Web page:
The larger point I want to make is that the incentives for credit rating agencies were inappropriate – they were so structured as to keep recommending increased amounts of loans to MFIs and this can be seen in several prominent cases as I have analysed over the last 10 years. Also, at least in India, there was a huge conflict of interest in terms of staff/boards of directors in the credit rating agencies having close relationships with many of the MFIs being rated. Yet another aspect was that, the major credit rating agencies had sister organizations or institutions/divisions in the same Corporate group that were involved with capacity building in micro-finance and therefore, it suited them to recommend higher loans with capacity building. I have done an analysis of several credit rating reports and also followed up who actually did the capacity building – the results are rather startling. And last but not the least, that credit rating could not point out the prevalence of many bad practices including use of agents, ghost clients, frauds and the like (when the MFI annual reports themselves acknowledged these) is a clear vindication of what I have been saying above

Likewise, social performance is a great concept on paper but sadly does not exist on the ground. It is a wonderful to talk about in a workshop in Mumbai or Delhi or Barcelona or Washington but let us get the facts clear – there is nothing like that in operation in India and make no mistake, the ground situation in several of India’s populous micro-finance states including AP, Tamilnadu, Karnataka, Orissa and West Bengal is far from that…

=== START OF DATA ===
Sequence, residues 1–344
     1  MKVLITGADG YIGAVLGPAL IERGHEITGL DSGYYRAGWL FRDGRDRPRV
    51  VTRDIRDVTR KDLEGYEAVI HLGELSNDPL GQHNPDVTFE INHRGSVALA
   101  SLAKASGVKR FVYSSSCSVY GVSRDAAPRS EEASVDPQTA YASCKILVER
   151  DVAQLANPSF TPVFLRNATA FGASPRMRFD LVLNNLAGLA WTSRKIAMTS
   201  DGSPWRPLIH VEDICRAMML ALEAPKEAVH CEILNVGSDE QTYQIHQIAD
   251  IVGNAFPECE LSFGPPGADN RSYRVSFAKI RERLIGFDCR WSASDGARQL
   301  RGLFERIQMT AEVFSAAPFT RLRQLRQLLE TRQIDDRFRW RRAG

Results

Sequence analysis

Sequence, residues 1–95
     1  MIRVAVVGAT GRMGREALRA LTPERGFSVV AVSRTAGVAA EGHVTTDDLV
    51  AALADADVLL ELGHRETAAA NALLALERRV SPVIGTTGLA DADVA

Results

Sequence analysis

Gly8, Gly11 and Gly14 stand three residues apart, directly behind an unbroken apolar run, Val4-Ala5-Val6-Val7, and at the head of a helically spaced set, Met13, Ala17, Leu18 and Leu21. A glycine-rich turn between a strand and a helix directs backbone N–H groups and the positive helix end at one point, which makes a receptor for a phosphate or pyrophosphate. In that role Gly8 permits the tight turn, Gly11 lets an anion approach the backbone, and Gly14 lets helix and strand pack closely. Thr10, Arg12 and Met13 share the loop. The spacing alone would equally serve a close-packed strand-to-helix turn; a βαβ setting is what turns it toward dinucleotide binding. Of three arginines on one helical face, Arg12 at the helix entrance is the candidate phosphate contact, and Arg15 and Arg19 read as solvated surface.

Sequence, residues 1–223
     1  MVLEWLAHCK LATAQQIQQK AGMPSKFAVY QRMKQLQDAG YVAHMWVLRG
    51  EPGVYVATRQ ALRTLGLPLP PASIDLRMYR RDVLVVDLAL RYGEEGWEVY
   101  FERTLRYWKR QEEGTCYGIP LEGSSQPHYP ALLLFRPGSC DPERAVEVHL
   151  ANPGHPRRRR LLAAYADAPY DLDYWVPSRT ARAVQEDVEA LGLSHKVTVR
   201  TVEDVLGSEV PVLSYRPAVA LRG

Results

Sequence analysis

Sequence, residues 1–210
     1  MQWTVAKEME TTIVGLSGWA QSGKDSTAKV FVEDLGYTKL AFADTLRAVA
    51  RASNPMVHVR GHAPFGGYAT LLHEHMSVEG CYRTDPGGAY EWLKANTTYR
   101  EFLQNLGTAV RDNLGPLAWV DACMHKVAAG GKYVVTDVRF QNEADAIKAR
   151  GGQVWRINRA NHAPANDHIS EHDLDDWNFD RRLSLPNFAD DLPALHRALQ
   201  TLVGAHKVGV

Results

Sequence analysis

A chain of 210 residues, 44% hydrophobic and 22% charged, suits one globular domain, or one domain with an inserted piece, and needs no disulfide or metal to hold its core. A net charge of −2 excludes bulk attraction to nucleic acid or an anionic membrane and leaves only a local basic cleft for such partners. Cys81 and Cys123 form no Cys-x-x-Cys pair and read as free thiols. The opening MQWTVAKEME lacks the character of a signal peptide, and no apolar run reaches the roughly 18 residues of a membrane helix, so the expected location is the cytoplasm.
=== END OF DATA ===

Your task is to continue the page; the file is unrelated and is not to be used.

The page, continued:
Therefore, using so called tools of social performance or seals of excellence - merely to justify the existence of such (and especially, For-Profit) MFIs - that sound GREAT on paper but are rarely implemented (or visible) on the ground, certainly does not befit the status of a great industry like micro-finance. And it is about time that we start asking the question as to why, many so called great concepts (like social performance or even principles of Corporate Governance etc) are not implemented on the ground and in the field rather than creating newer and newer tools that may have lesser and lesser relevance to field realities…

And before I sign off, my humble plea is as follows: “The micro-finance industry needs to tackle issues head on and ensure that low-income people get access to a wide range of appropriately designed and delivered high quality financial services at affordable costs. And this does not have to come from MFIs (and For-profit MFIs) alone – and this is a point that needs to be noted carefully and appreciated by various stakeholders like CGAP, MCS and others. Therefore, let us stop creating tools to justify existence of MFIs and rather focus on building a REALLY transparent client oriented micro-finance industry on the ground…that alone will help bring back glory to the beleaguered micro-finance industry...in places like India as well as globally...